My current PCM at the Naval Hospital put in a referral for me to the breast care team. They were trying to put things off until the beginning of 2020 but he was not having any of it. He called in some favors and got me scheduled just after Thanksgiving. He said he saw no need for them to be waiting and if they wouldn't schedule me right away, he was going to find another place that would start the process immediately. He is very proactive. He told me I should be prepared for them to tell me my biopsy revealed cancer, but if it didn't we would be having a great celebration.

      My surgeon was very nice, but she was unfortunately the one who seemed to always have to call me with the "bad news." She was always very kind but she didn't mess around- trying to put lipstick on a pig, so to speak. Her delivery always felt like worst case scenario. The original plan was a lumpectomy in late January and then a course of radiation 5x/week for 6 weeks. So the next set of appointments was with the radiation and medical oncologists on New Years Eve. LOL Yeah, I was hoping I was going to get the bad out of the way in 2019 and start 2020 on a positive note, Little did I know what a mess this year would be, in general.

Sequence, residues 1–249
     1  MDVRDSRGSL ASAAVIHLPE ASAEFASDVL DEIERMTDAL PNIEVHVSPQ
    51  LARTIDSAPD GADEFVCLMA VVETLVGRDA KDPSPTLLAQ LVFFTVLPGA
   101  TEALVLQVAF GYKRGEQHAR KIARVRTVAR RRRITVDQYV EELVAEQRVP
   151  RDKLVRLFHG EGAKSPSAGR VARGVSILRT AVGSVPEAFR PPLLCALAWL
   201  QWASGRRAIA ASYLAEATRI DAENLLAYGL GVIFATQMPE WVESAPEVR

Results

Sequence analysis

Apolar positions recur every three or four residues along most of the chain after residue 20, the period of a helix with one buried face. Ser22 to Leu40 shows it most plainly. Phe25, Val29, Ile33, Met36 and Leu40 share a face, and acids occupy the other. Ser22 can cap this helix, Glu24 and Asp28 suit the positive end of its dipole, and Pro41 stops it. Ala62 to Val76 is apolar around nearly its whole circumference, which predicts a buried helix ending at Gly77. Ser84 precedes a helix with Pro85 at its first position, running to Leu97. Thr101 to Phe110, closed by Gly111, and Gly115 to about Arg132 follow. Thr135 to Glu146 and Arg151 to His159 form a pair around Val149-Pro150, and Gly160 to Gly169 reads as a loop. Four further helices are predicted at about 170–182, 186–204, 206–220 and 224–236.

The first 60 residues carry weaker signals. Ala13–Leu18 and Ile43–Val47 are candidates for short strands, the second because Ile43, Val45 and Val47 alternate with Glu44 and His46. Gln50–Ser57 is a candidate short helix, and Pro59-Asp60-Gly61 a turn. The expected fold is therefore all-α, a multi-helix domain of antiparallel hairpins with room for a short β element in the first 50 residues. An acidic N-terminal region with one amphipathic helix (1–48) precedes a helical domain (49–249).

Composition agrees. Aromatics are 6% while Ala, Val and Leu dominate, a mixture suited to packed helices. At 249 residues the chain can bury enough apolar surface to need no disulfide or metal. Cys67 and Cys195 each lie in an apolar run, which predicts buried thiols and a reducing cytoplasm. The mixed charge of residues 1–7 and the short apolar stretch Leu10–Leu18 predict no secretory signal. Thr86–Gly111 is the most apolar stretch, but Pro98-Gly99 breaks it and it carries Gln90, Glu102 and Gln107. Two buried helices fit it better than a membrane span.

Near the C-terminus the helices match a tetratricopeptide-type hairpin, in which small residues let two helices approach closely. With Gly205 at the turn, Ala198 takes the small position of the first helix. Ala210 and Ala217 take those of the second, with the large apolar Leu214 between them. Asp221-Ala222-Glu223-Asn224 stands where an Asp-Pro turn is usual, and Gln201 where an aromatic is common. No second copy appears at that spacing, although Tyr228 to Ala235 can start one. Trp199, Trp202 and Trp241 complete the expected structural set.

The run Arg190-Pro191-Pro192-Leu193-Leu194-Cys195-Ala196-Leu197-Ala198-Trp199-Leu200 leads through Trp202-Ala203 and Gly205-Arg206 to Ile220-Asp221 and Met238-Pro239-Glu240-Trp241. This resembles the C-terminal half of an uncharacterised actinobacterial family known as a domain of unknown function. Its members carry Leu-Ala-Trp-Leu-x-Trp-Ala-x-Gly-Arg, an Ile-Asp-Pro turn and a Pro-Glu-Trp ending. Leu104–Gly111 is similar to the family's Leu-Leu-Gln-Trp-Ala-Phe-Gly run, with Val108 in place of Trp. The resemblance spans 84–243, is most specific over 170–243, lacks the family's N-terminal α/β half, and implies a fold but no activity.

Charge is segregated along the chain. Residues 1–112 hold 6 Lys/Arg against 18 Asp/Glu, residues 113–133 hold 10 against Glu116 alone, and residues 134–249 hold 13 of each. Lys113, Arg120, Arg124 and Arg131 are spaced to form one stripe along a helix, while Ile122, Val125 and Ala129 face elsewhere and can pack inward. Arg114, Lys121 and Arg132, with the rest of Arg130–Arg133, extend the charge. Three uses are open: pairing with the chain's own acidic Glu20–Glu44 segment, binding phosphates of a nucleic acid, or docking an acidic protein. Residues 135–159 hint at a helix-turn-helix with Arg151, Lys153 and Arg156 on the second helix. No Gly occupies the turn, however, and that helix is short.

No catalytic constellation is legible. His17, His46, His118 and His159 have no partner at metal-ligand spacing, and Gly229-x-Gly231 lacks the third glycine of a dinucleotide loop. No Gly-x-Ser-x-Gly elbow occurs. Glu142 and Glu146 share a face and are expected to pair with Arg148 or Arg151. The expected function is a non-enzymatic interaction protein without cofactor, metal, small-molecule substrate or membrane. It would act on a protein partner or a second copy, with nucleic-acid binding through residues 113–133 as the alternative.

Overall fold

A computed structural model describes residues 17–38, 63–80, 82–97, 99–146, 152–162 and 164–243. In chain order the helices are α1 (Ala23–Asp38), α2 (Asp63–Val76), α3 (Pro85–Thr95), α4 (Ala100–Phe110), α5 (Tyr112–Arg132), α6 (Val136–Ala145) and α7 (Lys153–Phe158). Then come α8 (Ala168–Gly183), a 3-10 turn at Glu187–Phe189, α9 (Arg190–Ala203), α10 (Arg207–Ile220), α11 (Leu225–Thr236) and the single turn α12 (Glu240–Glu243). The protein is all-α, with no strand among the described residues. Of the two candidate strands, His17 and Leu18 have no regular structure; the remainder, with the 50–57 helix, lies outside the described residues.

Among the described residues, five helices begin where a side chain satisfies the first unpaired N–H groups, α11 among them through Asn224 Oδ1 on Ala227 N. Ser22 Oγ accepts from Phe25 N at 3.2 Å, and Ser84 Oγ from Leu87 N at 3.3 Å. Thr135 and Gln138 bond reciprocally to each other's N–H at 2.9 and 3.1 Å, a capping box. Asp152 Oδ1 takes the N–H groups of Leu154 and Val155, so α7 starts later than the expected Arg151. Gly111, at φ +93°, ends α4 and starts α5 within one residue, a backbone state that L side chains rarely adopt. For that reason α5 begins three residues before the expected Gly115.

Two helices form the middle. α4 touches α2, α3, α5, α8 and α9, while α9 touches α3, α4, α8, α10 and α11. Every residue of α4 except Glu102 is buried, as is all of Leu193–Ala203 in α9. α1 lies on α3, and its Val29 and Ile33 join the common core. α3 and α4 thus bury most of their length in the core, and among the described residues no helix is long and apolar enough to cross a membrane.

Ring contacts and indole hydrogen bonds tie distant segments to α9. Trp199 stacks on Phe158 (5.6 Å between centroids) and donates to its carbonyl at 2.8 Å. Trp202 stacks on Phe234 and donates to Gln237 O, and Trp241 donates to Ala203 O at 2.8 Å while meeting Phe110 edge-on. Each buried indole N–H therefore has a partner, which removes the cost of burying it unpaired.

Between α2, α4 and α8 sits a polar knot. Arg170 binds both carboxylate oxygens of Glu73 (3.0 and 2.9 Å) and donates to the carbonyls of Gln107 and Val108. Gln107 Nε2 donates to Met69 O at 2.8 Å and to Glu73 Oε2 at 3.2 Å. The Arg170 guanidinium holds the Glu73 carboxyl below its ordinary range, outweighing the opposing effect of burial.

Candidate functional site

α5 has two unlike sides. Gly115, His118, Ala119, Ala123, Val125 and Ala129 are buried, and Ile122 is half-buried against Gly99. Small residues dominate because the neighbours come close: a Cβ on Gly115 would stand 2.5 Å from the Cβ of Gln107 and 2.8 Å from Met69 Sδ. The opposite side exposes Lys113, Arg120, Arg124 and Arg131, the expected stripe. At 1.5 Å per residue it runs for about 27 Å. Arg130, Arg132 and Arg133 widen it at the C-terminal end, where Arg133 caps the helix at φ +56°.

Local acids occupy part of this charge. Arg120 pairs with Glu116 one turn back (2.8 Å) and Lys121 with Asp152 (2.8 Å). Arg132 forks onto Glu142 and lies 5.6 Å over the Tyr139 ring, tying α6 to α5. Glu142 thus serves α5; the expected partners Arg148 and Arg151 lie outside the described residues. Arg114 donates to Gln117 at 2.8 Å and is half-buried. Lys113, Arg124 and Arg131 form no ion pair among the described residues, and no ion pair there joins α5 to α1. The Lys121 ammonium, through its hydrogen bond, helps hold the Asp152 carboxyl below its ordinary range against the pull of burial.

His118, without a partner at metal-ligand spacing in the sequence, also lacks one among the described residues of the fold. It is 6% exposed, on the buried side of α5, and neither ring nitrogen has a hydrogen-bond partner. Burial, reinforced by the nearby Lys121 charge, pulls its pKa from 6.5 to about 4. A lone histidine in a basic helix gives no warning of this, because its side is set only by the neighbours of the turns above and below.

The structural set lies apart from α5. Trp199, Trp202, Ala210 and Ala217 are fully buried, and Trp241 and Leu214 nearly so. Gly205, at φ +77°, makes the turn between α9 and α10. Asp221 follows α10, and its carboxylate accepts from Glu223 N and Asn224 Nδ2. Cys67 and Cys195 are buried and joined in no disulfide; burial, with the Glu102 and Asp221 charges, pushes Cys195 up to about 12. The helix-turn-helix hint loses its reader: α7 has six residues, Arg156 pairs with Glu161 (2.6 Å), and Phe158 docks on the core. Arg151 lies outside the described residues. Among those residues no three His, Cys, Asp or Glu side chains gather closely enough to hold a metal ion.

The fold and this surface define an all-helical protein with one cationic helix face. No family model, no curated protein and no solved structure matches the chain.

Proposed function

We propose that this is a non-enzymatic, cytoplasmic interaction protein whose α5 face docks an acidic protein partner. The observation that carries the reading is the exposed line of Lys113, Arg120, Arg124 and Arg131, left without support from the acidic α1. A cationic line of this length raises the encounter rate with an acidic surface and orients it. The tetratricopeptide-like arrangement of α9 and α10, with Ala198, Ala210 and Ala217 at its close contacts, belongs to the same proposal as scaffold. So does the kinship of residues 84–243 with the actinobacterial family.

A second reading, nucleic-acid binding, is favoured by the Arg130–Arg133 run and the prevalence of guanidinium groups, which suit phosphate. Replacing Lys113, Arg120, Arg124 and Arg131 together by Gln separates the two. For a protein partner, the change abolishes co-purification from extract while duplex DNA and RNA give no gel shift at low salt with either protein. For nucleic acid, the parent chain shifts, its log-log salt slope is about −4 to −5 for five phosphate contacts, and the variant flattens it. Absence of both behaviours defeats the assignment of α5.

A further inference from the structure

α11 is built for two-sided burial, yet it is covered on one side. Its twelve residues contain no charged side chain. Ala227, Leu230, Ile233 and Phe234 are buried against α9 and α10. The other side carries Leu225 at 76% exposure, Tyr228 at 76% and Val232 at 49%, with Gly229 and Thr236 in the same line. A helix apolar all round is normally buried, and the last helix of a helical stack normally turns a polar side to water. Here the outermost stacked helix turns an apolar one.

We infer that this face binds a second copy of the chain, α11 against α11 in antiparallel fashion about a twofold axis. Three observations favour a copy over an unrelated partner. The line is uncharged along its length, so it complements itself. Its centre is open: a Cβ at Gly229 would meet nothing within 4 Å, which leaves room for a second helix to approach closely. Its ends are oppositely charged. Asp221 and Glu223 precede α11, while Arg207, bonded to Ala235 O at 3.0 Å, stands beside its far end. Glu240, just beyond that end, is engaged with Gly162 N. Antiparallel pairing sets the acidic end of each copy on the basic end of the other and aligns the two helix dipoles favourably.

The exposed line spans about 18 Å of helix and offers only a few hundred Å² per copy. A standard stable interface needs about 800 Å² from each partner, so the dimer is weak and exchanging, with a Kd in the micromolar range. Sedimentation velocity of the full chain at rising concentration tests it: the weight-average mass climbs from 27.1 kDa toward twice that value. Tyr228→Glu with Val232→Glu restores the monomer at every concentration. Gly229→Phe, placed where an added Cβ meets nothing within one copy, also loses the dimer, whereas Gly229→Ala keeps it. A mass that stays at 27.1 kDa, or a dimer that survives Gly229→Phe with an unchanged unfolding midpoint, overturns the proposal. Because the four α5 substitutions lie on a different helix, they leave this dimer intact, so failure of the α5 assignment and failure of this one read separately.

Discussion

The radiation oncologist was very kind. He explained everything in very clear terms and gave me lots of material to read. The medical oncologist was equally as nice and didn't seem at all put out by these New Years Eve appointments. I guess cancer doesn't take a vacation. Anyhow, he put me even more at ease. He explained that my cancer was very early stage and very treatable. He is very conservative in his treatment approach, not over treating or rushing immediately to chemotherapy suggestions.